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Eur J Clin Nutr. 2011 Sep;65(9):1053-8. doi: 10.1038/ejcn.2011.102. Epub 2011 Jun 8.

A diet rich in oat bran improves blood lipids and hemostatic factors, and reduces apparent energy digestibility in young healthy volunteers.

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  • 1Department of Human Nutrition, Faculty of Life Sciences, University of Copenhagen, Copenhagen, Denmark.



Oat bran shows cholesterol-lowering properties, but its effects on other cardiovascular risk markers are less frequently investigated. This study examined the effects of oat bran on blood lipids, hemostatic factors and energy utilization.


A double-blind, randomized crossover study in 24 adults (age 25.2±2.7 years; body mass index: 24.9±2.9 kg/m2), who completed two 2-week dietary intervention periods: low-fiber diet (control) or an oat bran (control +102 g oat bran/day) diet. Fasting blood samples were drawn before and after each period, and 3-day fecal samples were collected during the last week of each period.


Total cholesterol decreased by 14% during the oat bran period compared with 4% during the control period (P<0.001). Non-high-density lipoprotein (HDL) cholesterol decreased by 16% in the oat bran period compared with 3% in the control period (P<0.01), as did total triacylglycerol (21 vs 10%, P<0.05) and very-low-density lipoprotein triacylglycerol 33 vs 9%, P<0.01). Plasminogen activator inhibitor-1 (PAI-1) and factor VII (fVII) levels decreased more during consumption of oat bran compared with the control period (PAI-1: 30 vs 2.3%, P<0.01; fVII: 15 vs 7.6%, <0.001). Fecal volume and dry matter were greater when consuming the oat bran diet compared with the control (P<0.001), and energy excretion was increased by 37% (1014 vs 638 kJ/day, P<0.001); however, changes in body weight did not differ (oat bran:-0.3±0.5 kg; control: 0.0±0.7 kg).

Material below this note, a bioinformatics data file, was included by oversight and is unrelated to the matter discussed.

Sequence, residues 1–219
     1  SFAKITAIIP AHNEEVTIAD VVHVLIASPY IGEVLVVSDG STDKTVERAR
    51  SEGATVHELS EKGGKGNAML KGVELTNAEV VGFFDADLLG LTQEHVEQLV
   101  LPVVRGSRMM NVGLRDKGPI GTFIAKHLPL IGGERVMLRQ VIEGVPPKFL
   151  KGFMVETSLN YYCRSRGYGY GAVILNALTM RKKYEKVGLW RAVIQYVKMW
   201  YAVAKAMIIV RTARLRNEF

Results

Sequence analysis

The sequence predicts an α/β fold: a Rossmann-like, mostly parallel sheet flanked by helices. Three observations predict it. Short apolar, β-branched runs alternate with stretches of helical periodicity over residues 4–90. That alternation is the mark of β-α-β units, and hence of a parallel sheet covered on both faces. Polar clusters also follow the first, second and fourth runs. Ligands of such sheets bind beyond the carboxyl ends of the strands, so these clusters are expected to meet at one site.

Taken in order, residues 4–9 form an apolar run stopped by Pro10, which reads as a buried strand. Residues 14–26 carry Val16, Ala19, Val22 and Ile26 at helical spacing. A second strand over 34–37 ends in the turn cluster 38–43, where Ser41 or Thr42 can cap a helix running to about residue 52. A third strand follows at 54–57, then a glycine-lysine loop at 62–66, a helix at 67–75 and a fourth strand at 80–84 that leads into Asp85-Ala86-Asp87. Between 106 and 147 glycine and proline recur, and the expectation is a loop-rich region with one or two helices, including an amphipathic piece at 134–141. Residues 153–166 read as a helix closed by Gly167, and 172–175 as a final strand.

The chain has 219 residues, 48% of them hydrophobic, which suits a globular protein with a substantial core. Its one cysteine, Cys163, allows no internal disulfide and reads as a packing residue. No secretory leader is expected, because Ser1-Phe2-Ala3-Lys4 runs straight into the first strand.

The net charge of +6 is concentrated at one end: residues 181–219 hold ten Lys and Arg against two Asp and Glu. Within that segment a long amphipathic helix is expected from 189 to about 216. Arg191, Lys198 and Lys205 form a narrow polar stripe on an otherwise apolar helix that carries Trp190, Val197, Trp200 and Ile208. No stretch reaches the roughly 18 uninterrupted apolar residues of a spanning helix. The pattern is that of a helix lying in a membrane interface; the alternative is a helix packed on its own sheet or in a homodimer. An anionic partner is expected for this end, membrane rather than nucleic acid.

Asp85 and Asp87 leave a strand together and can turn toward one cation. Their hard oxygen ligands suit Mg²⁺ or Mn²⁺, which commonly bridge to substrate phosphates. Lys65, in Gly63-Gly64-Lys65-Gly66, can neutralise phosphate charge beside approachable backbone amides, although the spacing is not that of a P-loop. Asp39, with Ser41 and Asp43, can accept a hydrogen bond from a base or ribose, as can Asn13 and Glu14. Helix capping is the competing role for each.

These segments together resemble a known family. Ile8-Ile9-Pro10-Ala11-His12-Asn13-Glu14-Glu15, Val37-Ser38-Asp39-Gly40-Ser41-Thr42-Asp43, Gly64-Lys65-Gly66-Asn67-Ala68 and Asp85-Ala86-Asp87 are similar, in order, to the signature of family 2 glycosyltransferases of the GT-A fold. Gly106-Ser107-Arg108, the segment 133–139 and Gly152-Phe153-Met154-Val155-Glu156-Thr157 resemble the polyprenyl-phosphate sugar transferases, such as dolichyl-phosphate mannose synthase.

Addition of oat bran (6 g soluble fiber/day) to a low-fiber diet lowered total and non-HDL cholesterol, as well as hemostatic factors, and may affect energy balance through reduced energy utilization.

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